Volume 95, Issue 42

Thursday, November 15, 2001
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Corporate funding: the good, the bad and the ugly

Up close and personal with Western's corporate side

Up close and personal with Western's corporate side

By Lindsay Satterthwaite
Gazette Staff

Lauren Starr/Gazette

Tim Hortons, Pizza Pizza, Coca-Cola and the latest addition, Adidas, are just some of the corporations that have a major presence at Western.

Ted Garrard, Western's VP-external, said companies sign partnerships with Western in order to market and sell their products on campus, but certain criteria must be examined before a deal is considered.

"In any case, [Western] looks to the organization for their credentials – if they are reputable and if they conform to good standards," he said.

Adidas is the most recent corporation to have formed a commercial relationship with Western, Garrard said.

In September, Adidas announced a five-year contract that will see Western varsity athletes exclusively outfitted in Adidas footwear, clothing and accessories.

"The athletic students are getting top quality athletic wear," he added.

Dan Smith, Western's director of athletics and recreation, said Adidas first approached the university last spring. "Adidas identified Western as a marquis [athletic] program to be associated with," he said.

Smith said Adidas was an ideal corporation to sponsor Western's intercollegiate athletics because the company is well-regarded around the world.

Seanna Robinson, sport promotion co-ordinator for Adidas, said the contract requires varsity athletes to exclusively wear Adidas products. "This has not created any major problems. There are enough [additional product] options for athletes which can be purchased at a discounted price," she said.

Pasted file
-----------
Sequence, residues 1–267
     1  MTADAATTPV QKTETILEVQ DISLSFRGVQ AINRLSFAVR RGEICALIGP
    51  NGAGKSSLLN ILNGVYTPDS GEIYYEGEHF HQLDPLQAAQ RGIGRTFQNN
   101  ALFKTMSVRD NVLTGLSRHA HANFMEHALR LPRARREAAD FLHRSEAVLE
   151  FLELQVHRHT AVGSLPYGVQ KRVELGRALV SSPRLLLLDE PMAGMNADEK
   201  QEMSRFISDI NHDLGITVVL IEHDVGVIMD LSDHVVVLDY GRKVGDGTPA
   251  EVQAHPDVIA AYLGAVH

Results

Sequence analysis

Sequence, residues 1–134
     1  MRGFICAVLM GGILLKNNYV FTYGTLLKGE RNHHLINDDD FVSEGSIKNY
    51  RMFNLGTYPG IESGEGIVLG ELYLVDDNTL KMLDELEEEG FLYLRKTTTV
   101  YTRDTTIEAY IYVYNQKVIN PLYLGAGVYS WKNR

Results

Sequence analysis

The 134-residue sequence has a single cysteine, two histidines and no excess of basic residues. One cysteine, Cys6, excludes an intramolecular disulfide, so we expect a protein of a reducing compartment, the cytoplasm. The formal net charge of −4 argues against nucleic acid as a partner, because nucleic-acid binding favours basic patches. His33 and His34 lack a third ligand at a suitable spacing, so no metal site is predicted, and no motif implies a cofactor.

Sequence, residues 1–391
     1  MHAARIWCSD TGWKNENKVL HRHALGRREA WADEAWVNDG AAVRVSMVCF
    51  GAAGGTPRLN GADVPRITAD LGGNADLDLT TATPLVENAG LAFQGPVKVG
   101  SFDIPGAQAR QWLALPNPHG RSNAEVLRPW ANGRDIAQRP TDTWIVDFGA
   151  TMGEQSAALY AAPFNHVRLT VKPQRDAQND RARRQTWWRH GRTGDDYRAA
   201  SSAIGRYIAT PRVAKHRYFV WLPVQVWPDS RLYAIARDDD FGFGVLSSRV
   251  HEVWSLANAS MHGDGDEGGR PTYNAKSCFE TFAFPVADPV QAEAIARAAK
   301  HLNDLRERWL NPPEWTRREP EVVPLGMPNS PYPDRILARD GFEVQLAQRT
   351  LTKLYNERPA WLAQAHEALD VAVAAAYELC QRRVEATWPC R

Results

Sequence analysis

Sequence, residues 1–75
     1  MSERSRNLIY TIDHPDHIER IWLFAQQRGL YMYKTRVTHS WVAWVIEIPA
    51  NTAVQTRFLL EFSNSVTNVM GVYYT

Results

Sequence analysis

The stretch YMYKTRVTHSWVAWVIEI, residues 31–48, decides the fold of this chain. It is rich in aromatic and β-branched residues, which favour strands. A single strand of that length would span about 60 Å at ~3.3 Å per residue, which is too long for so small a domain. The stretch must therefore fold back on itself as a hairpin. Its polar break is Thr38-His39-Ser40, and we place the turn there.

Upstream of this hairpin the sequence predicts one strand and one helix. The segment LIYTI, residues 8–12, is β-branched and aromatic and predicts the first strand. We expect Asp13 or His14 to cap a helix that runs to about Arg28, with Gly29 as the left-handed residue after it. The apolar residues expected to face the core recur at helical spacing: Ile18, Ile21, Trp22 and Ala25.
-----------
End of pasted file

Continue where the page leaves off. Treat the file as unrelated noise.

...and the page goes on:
The arrangement with Adidas and intercollegiate athletics will supply Western in excess of $1 million worth of clothing and equipment, Smith said.

Robinson added Western is a premier university that exemplifies a high athletic standard. "[Adidas] focuses on quality, not quantity. This partnership communicates a performance message," she said.

"Adidas offers a training line [of clothing] and a presentation line [of clothing] for varsity athletes," she explained. The partnership with Adidas not only benefits varsity athletes, Robinson said. There is also a Mustang clothing line in the BookStore available for all students to purchase, she explained.

Adidas is excited to sponsor Western because it is involved in 35 sports, Robinson said. "Sponsoring athletes at the university level is great because it is a key developmental stage. Hopefully, athletes will follow the programming throughout their career," she said.

Jesse Greener, VP-external for the Society of Graduate Students, said it is important to look at the bigger picture when examining corporate sponsorship.

"Government funding has been slashed so badly and the only way to make up for it is to raise tuition fees or bring in money from commercial enterprises," he noted.

Greener said money from corporations may not be a negative thing on the surface, but there may be underlying problems involved in any partnership.

Commercial relationships limit choices and force students to buy one product, Greener said. "The inability to choose various vendors may hurt down the road," he said.

In addition, varsity athletes who may have found a specific piece of equipment that works well for them may not be able to use it if it is not designed by the appropriate company, he explained.

Political considerations must also be taken into account.

"It is important to look at the political climate of the times. [Western] has been critically under-funded for six years and if it continues, the university must either cutback or bring in money from corporations," he said.

"The bottom line for a corporation is to make money and the bottom line for a university is to provide high-quality education. There will eventually be a conflict between the two principles," he said.

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Copyright The Gazette 2001